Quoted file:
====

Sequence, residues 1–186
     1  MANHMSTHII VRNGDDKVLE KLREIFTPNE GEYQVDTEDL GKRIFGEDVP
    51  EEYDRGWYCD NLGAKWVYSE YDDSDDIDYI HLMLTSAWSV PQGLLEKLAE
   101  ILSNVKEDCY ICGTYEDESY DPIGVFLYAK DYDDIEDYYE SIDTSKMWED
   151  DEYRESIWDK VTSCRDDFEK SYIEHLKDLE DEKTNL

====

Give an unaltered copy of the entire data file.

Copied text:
Sequence, residues 1–186
     1  MANHMSTHII VRNGDDKVLE KLREIFTPNE GEYQVDTEDL GKRIFGEDVP
    51  EEYDRGWYCD NLGAKWVYSE YDDSDDIDYI HLMLTSAWSV PQGLLEKLAE
   101  ILSNVKEDCY ICGTYEDESY DPIGVFLYAK DYDDIEDYYE SIDTSKMWED
   151  DEYRESIWDK VTSCRDDFEK SYIEHLKDLE DEKTNL